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The XX-Files: Toronto Says Goodbye to Andrea Bargnani

Today we remember one of the most significant trades in Raptors history: Toronto's deal with the Knicks to send Andrea Bargnani to the Big Apple.

Chris Humphreys-USA TODAY Sports

In celebration of the Toronto Raptors' 20th season, we'll be taking a look at some key moments in the team's history. What was the context of the moment? What was its significance? And what song were you listening to as it happened? Welcome to the XX-Files.

The Event

July 10, 2013: The Toronto Raptors officially agree to trade Andrea Bargnani to the New York Knicks for Steve Novak, Marcus Camby, Quentin Richardson, a 2014 second round pick, a 2016 first round pick, and a 2017 second round pick.

The Moment

Finishing with a meagre 37-45 record, it could still be said that the 2012-13 Toronto Raptors were an improved team. (They finished the previous lockout shortened season at 23-43.) This was the Rudy Gay year, in which the team looked to reshape itself once again on the fly and shoot its way back into the playoff discussion. It didn't quite work out.

Two significant things happened in the off-season that will forever be linked in Toronto team lore. One: the Raptors decided to hire Masai Ujiri as the General Manager of the team - forcing long-time GM Bryan Colangelo into an awkward presidential role (before ushering him out the door completely). And two: Toronto traded the aforementioned Andrea Bargnani, the franchise's first and only #1 overall draft pick, who had been selected by Colangelo seven years earlier.

If ever there was a moment in Raptors history that signified the closing of one door and the opening of another, this was it. The next season said goodbye to Gay, begat #WeTheNorth, and kickstarted one of the more improbably successful runs in Toronto sports' recent history.

The Song

Your number one song of summer 2013? "Blurred Lines". It's the song that probably felt like such a good idea at the time and now seems to grow in ugliness the farther we get away from it. From its controversial lyrics to its legally-wrangled creation, there is nothing positive in my memory of this song.

Is this the perfect Andrea Bargnani metaphor or what?

The Movie

Despite its presence as a sequel (with a third film on the way), and its hundreds of millions in box office earnings, I can't for the life of me figure out what the hell Despicable Me 2 is supposed to be about.

Not to dogpile on Bargnani too much here (but I mean, come on): doesn't the entire Bargs era feel this way? For seven years we grappled with this Italian enigma and at the end of the road, we still don't know anything about him. All this, and the man held this franchise in his hands - he was the lynchpin!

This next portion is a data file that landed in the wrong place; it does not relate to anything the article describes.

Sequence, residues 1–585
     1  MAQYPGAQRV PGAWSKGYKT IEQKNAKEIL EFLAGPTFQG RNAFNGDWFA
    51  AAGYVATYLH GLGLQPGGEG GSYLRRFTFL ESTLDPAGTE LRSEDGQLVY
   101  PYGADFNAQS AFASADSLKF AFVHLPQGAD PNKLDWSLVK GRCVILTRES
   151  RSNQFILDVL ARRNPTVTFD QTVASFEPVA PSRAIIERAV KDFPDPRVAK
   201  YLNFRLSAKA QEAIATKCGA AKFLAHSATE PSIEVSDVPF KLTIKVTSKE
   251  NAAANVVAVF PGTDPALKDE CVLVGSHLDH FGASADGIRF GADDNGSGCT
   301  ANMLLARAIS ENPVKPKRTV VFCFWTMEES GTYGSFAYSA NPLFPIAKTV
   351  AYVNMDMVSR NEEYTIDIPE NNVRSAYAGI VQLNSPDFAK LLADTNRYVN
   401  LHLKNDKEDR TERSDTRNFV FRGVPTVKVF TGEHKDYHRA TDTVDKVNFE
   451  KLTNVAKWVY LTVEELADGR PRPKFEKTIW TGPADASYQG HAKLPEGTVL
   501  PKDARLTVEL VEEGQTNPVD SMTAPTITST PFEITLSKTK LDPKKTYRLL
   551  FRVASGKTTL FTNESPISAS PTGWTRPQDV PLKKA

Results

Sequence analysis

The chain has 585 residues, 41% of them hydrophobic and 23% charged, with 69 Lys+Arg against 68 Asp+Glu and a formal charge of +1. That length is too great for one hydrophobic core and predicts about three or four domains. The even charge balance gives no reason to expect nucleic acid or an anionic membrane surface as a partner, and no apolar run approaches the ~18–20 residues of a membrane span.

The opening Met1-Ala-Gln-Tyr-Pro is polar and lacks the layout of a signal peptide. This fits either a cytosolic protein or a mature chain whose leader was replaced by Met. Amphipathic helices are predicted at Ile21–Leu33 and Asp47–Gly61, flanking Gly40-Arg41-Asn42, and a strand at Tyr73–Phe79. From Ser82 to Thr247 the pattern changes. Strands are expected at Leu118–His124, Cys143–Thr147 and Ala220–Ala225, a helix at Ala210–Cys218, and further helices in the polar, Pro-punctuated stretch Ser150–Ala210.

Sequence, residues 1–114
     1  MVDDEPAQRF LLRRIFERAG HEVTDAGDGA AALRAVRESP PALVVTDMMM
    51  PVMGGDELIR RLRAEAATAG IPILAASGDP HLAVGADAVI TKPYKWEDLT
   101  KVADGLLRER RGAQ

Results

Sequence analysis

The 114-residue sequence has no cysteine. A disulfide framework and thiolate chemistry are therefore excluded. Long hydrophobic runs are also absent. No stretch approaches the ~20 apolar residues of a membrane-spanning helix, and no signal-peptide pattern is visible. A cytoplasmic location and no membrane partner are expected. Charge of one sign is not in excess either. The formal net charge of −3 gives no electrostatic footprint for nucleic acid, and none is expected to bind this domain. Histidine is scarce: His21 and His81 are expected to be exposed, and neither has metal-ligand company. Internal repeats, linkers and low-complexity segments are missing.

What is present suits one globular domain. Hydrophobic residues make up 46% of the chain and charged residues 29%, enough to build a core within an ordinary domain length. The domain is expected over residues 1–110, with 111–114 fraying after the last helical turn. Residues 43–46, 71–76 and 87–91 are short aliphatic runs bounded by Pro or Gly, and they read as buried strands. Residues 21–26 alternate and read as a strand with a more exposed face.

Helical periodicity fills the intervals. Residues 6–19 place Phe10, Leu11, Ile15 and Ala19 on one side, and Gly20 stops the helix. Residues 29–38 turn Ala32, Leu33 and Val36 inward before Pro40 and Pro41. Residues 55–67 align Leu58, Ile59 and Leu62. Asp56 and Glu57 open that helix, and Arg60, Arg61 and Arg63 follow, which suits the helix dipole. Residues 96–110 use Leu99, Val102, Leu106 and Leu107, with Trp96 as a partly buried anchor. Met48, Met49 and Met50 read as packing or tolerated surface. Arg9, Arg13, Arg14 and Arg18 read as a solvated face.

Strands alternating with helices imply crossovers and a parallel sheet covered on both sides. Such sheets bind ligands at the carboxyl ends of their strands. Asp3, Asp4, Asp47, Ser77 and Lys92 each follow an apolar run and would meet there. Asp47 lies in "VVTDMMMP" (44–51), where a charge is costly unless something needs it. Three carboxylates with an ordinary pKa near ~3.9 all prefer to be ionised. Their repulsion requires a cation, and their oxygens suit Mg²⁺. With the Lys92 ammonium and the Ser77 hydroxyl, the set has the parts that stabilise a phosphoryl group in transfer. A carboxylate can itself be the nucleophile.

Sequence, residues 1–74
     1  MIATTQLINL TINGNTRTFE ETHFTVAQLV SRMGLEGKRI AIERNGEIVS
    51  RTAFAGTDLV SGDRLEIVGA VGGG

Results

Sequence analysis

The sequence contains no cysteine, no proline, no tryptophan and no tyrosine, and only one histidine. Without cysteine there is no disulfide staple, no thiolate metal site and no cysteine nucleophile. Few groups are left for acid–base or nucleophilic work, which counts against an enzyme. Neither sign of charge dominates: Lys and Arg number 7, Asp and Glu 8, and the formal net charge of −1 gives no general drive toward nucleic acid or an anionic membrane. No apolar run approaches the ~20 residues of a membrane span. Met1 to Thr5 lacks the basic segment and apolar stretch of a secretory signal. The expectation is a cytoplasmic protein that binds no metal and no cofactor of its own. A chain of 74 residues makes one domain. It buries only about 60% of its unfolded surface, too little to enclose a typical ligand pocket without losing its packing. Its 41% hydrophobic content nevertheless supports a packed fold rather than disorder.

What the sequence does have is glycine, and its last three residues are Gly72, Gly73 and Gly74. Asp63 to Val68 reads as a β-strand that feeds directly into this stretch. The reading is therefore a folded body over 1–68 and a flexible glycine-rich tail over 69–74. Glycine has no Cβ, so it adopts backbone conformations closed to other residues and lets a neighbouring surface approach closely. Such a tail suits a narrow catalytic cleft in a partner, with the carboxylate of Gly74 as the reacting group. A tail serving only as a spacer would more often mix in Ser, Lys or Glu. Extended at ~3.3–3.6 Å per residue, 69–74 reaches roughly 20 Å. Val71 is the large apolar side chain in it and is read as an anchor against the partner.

The Significance

There's no way to really dance around this fact: the Raptors had to take Andrea Bargnani with the #1 pick of the 2006 draft. You can gaze at that top 25 and pick out six intriguing names. No way do you take Rondo, Lowry or Gay with that pick. Aldridge was a player the team already had (Bosh). And Roy had significant (and totally legitimate) injury issues. So yes, the seven foot big man with the three point shooting stroke is the player you take at number one. Toronto had to do it.

But then you get the next seven years and the most mystifying player in Raptors' history.

It's hard to quantify what exactly Bargnani meant to Toronto. He was present for two playoff "runs" and became the enigmatic second option on teams led by first Chris Bosh and then DeMar DeRozan. He played with an eclectic mix of talent in Hedo Turkoglu, Rudy Gay, Jose Calderon and Kyle Lowry. After a few strong seasons in which he managed to play more than 70 games, Bargnani's body started to break down, his skills atrophied and his value as a franchise cornerstone was gone. Fans went from hoping for the day when Bargs would put it all together, to praying for the day he could be shipped off to another team. Unbelievably, the Raptors managed to trade what had become their biggest contract albatross to New York, getting way beyond market value (despite two of the three actual players in the deal being immediately cut from the team). Fans were elated.

At a recent game against the Knicks I watched as an injured Bargnani worked out before the game. He was eventually greeted at centre court by Amir Johnson, his teammate of four years. The two talked and appeared to laugh about something. There was even a brief embrace. What were they talking about? What relationship could exist between the two? Between Bargnani and anyone? Will we ever know?

Search through pictures of Bargnani and his signature look is not hard to find; the classic glazed stare looking off into the middle distance, the mouth slightly agape, the beard forever half-formed. We will never know what thoughts wheel behind those eyes. We will forever stare back into the abyss that is Andrea Bargnani and wonder what, if anything, was staring back.